What do you think? Am I nuts?

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A Bike-Boom Backlash

Biking is booming in New York City, with the number of daily cyclists rising to an average of 236,000 in 2009, up 26 percent from 2008, according to statistics compiled by Transportation Alternatives, a pro-biking nonprofit group.

“Cyclists, clean up your freaking act,” wrote Jen Benepe, a cycling blogger.

The Web site BikeBlogNYC urged “fellow cyclists” to heed the laws of the road. “Take those flip-flops off, put down that cellphone, put on a helmet, ride in the correct direction and pay attention,” read a recent post that, at the same time, mocked the WCBS series as sensationalist.

As for pedestrian injuries caused by rouge cyclists, WCBS’s report exposed what the city now admits is a gaping hole in its data-collection methods.


August 31, 2010 Posted by | Cycling News | Leave a comment

Boulder biking scholarship event a BIG success

From the Bike 4 Bangers library of interesting events:

This bike ride, in Boulder Colorado, to help benefit about 50 college students is a huge success again. I love this idea, of having the entire community come together around an idea they are passionate about … biking, in order to help out other people around them.
AND, that it was such a success is great to hear.
Does your community do anything like this? I would love to see a lot more of these floating around the country. I would LOVE to take part in some of these great events.

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Boulder-area Venus de Miles bike ride draws 1,800 women

“We had just a spectacular turnout,” race founder Teresa Robbins said. “It was a great success.”

The ride included a “dream team” to provide inspiration and encouragement. The team of 14 well-known cyclists and community members included Alison Dunlap, a two-time Olympian and world champion mountain biker.

Also offering encouragement was the “Men in Drag” team — 20 men wearing fishnet, tutus and wigs who provided mechanical assistance and general event support. Plus, participants said, riders cheered each other on.

The event was expected to raise as much as $100,000 for the Boulder-based Greenhouse Scholars, a 5-year-old nonprofit organization that’s working to reduce the college drop-out rate.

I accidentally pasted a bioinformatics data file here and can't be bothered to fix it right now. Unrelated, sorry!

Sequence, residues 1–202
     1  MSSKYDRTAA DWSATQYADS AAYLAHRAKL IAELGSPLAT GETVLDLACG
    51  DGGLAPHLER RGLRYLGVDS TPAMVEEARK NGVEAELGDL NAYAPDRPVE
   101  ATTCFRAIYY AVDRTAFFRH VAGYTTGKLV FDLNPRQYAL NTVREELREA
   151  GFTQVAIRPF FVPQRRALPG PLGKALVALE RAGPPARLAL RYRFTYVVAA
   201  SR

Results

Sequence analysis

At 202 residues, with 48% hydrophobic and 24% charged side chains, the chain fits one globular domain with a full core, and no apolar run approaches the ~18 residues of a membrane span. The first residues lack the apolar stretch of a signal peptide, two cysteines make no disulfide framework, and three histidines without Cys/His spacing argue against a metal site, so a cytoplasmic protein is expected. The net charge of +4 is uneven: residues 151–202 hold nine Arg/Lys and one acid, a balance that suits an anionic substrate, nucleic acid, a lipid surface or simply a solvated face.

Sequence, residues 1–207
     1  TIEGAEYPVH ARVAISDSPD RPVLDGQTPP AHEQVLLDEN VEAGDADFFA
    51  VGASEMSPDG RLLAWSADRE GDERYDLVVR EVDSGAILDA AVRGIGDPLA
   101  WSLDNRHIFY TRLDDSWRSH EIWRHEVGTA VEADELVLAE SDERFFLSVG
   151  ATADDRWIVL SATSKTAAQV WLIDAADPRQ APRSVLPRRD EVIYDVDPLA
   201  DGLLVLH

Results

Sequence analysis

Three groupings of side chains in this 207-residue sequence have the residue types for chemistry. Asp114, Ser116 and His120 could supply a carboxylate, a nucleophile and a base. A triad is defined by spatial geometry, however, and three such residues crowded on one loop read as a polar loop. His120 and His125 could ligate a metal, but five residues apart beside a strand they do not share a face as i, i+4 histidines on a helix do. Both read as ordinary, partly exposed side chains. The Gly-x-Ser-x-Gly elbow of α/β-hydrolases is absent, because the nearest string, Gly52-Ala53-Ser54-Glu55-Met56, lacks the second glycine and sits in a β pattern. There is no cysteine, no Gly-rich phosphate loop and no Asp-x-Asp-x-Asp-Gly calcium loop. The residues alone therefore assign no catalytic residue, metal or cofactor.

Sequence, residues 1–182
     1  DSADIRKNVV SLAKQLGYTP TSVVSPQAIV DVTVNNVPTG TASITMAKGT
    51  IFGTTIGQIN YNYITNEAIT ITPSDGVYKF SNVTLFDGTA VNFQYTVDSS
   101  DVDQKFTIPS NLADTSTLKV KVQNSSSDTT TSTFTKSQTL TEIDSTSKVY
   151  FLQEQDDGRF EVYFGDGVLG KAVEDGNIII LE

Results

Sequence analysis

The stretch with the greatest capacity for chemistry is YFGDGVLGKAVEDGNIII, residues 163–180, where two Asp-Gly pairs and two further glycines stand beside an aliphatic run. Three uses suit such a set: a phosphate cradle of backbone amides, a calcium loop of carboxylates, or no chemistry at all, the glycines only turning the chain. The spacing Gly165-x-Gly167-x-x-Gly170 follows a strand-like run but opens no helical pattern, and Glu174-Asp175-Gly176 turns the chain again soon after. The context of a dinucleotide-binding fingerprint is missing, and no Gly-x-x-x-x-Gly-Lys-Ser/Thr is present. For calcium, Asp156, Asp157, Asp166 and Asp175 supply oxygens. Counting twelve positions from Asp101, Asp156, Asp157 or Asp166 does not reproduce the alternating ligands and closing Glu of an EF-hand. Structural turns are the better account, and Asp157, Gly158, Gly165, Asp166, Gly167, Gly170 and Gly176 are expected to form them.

Greenhouse Scholars provides intensive support, including scholarship money and a mentorship program, to “high-performing, under-resourced” students.Read more at

August 30, 2010 Posted by | Cycling Community, Cycling News | Leave a comment

Cycling memorial a great piece of metal work

What a great memorial to an outstanding member of the cycling community. And I love the idea of this metal project spreading the word about cycling into the community. There is something awesome and inspiring about the graceful and geometric design of bike parts, and this piece catches some of that. Plus, it’s so large, it’s bound to inspire some riders who will hit the trail under it’s impressive stature.

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Huge bike sprocket arches to rise over memorial trail

They talked about the impact the archway will have on the local arts community, the sense of pride local bicyclists will feel riding under an enormous sprocket, and the camaraderie that has been built during the past eight months of planning.
It was in that moment that the project — a memorial to Steve Harrison — made complete sense.
Zorn said Harrison was far from ordinary, noting she wanted to do something extraordinary to remember him by.
“I didn’t want anything traditional,” Zorn said. “I wanted something more living that you would experience. Steve was active, he was full of life.”
Lindsay’s knowledge of bicycles has allowed the project to flourish, with the arches containing “bike nerd” details cyclists will appreciate, Lindsay said.
With the bike path owned by the city of Chico, Lindsay and Zorn had to work to gain permission to install the arches and donate the approximately $40,000 project to the city.


See more at

August 23, 2010 Posted by | Cycling Community, Cycling News | Leave a comment